As of now, the Council has identified more than 160 programs that could increase targeting to Opportunity Zones through grant preference points, loan qualifications, reduced fees, and eligibility criteria modifications. We have already implemented 50 of these actions across agencies.
The Revitalization Council is also conducting a listening tour of Opportunity Zones throughout the nation to incorporate input from community leaders, entrepreneurs, and investors - so the voices of the American people are always in our ear.
One such action at HUD involved our announcement last month that our Federal Housing Administration, or "FHA", is unveiling a new package of incentives to encourage multifamily property owners to invest in developments located in Opportunity Zones. These new incentives involved tens of thousands of dollars in reduced application fees for FHA mortgage insurance in Opportunity Zones, and the appointment of a dedicated team of underwriters to ensure expert and efficient processing of such applications in Opportunity Zones.
Beyond Opportunity Zones, there is also the broader issue of technological innovation.
Our nation's shortage of affordable housing is ultimately an issue of supply and demand. With millions of people in need, high demand is already guaranteed. That's why HUD has focused our strategy on increasing supply - namely, by promoting initiatives, programs, techniques, and technologies that produce more affordable homes.
Since the key constraint on supply is the cost of new construction and development, the solution to the problem is to change the cost side of the equation. Among the many new technologies being evaluated by our recently created Office of Innovation, manufactured housing is one sector shows promising potential.
According to reports by the Manufactured Housing Institute, the average cost per square foot of a manufactured home is nearly half that of a site-built home - $49 [dollars] per square foot, as opposed to $107 [dollars]. These dramatic cost savings in construction enable responsible citizens to secure housing that may be considerably less expensive than renting or purchasing a site-built home.
And yet, even at this lower price, manufactured homes appreciate in value at a rate similar to site-built homes, according to the Federal Housing Finance Agency Housing Price Index. That means manufactured homes also carry an extraordinary potential to be a wealth creation tool for ordinary, everyday American families.
Manufactured homes could also play an important role in improving disaster relief. And natural disasters are certainly an issue that South Floridians know all too well.
Natural disasters do not just devastate housing capital - they devastate human capital, through lives interrupted, school days missed, and communities fragmented under strain. As a result, last year, HUD allocated more than $35 billion [dollars] in funding to 16 state and local governments, to help America's hardest hit regions. These grants represented the largest single amount of disaster recovery assistance in HUD's history.
Manufactured housing could mitigate this kind of damage through the use of environmentally resilient construction materials, as well as by providing an affordable and permanent housing solution for lower-income survivors.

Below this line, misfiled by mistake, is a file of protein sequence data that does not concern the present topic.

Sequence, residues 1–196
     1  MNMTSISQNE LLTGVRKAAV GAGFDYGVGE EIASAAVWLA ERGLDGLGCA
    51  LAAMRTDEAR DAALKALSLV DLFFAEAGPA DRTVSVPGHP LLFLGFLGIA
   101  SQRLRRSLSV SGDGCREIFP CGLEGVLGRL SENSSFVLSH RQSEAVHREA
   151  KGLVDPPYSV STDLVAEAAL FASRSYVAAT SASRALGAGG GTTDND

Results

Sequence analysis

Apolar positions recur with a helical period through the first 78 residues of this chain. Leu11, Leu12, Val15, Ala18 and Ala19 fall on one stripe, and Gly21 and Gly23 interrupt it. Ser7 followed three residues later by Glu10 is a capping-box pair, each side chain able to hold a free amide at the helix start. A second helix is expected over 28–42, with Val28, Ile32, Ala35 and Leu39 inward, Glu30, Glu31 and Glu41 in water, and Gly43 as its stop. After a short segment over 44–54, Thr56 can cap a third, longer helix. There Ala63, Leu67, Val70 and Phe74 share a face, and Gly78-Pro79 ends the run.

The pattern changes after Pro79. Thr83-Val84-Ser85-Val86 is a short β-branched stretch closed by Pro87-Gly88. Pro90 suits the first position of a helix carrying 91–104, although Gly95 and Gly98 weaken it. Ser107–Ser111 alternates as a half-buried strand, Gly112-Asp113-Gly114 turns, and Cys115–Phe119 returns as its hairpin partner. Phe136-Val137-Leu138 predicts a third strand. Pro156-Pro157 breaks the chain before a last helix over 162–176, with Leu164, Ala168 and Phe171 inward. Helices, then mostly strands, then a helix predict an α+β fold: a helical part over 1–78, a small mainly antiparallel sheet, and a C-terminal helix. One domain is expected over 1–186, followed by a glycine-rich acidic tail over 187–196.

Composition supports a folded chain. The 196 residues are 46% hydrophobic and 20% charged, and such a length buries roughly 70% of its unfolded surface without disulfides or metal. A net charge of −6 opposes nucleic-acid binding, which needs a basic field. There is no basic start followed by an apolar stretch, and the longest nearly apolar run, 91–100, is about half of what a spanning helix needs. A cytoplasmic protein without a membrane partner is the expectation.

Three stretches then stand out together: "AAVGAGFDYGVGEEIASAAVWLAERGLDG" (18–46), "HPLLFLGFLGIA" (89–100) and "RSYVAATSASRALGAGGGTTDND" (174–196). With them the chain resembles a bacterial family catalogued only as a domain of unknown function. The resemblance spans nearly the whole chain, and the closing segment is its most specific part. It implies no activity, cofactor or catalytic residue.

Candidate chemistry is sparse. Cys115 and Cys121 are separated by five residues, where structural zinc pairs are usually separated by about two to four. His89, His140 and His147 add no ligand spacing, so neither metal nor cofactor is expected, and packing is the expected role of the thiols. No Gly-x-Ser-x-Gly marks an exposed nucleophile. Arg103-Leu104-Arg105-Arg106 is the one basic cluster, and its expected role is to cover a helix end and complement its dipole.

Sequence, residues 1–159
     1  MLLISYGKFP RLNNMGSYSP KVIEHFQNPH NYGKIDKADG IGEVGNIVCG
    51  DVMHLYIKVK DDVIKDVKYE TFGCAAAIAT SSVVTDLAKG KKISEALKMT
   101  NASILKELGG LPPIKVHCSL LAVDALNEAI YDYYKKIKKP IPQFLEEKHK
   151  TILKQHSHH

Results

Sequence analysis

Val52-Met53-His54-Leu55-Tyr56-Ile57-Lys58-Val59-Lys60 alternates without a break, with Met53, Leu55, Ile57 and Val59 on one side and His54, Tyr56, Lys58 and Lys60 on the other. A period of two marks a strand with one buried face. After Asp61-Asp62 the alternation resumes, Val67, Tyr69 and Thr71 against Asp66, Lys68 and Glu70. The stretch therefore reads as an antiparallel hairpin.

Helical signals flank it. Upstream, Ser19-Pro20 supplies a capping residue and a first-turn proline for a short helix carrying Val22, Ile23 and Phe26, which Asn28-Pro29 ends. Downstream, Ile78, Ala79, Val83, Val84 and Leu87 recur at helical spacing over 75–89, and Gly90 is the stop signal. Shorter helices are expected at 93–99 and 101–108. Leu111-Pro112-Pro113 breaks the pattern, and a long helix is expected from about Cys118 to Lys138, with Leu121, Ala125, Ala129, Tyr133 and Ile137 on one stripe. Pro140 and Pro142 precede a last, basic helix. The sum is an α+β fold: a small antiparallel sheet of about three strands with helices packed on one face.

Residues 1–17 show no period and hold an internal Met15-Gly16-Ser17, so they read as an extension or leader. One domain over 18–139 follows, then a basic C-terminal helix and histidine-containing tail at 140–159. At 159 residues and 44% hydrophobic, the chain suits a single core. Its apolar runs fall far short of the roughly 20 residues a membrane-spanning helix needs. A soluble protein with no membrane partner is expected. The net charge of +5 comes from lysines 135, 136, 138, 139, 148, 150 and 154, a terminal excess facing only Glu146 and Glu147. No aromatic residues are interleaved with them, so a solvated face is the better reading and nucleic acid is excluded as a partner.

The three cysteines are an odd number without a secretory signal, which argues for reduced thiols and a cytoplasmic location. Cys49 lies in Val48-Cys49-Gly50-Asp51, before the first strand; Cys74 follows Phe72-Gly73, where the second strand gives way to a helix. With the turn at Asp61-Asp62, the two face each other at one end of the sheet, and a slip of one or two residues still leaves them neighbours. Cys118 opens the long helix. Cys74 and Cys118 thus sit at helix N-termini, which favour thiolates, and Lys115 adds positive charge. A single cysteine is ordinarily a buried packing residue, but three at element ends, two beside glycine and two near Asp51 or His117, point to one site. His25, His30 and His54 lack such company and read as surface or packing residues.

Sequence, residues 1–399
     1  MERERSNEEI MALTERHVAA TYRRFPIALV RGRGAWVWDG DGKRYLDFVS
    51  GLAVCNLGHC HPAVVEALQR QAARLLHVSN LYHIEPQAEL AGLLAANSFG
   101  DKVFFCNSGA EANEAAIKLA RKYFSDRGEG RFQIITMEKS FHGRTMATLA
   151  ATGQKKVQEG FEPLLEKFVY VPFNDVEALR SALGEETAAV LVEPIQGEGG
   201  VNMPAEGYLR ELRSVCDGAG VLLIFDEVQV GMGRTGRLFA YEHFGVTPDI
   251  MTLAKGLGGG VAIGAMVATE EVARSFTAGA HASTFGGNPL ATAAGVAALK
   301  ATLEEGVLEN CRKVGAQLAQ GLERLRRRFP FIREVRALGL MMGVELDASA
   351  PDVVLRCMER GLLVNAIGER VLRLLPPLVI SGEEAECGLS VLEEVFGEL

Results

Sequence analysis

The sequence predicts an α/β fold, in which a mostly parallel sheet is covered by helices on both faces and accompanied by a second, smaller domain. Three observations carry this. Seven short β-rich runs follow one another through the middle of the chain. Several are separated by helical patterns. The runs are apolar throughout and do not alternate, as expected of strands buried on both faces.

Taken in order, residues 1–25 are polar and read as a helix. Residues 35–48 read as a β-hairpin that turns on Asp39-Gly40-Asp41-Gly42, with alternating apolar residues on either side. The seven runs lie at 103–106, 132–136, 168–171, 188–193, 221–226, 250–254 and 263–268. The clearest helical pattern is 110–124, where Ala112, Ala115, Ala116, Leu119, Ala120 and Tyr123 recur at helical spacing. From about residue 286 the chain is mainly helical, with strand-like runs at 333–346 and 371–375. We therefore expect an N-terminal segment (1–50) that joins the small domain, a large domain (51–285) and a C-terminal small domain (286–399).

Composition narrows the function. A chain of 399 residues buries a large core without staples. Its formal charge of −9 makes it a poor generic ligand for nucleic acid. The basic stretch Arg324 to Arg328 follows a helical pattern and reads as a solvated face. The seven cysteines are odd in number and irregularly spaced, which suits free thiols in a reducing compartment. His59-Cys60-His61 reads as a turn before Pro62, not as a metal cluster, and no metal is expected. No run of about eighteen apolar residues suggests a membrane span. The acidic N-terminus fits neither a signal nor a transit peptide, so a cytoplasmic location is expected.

On a recent visit to Alabama, I was shown a site that was demolished by massive tornadoes - and the only homes in the area that successfully weathered the storm were manufactured houses. It was a silent testament to their resilience and to their potential.
Lastly, HUD is also promoting deregulation by aiming to break down regulatory roadblocks that get in the way of building and developing new homes that are affordable.
Expert research indicates that more than 25% of the cost of a new home is the direct result of federal, state and local regulations, including from outdated zoning and land use laws. Sometimes the price tag is much more than that: including up to 42% of the cost for some new multifamily construction.
To quantify that cost, data from the National Association Home Builders shows that regulations add nearly $85,000 to the cost of a house, which is also an increase of more than 30 percent since 2011.
Regulations such as density limitations, height restrictions, parking requirements, lengthy permitting and approval processes, and "not in my backyard" - otherwise known as "NIMBY" - opposition are the primary reasons for housing supply restrictions and increased housing costs.
As expected, some of the most heavily regulated cities are also some of the nation's costliest. San Francisco, for example, saw median home value per square foot rise by 15 percent more than income, according to Brookings Institute. The median home value in San Francisco is now $1.35 million. In Los Angeles, more than a third of the households earning 80-100 percent of the area median income are cost burdened, according to Brookings. To exacerbate the problem, last year California mandated that all new homes must have solar panels, which will further drive up the price of a new house.
The solution to this problem is one that economists have known for centuries. In the year 1776 - the same year as America's founding - Adam Smith published The Wealth Of Nations. There, he wrote that the incredible power of the free market is unleashed by "An Invisible Hand."
But we cannot tap into that power while we are still shackled by "invisible handcuffs" - the costly, excessive, and overly burdensome government barriers and regulations that hold us back.
As a result, HUD is working with local public officials, business leaders and community leaders to mobilize support for smart but significant deregulation at the local level.
There are many challenges on the road ahead, and the work won't be easy - but nothing worth doing ever is. So I am grateful to those in the room who are in ways large or small already partners with HUD, and encourage those who are not yet pursuing public-private partnership efforts to look for how you can get involved.
There is nothing that can stop these United States as long as we stay United. We all share a common commitment to this great nation, to its principles, and to its people. On behalf of HUD, I look forward to serving with you, and for you, in the months ahead.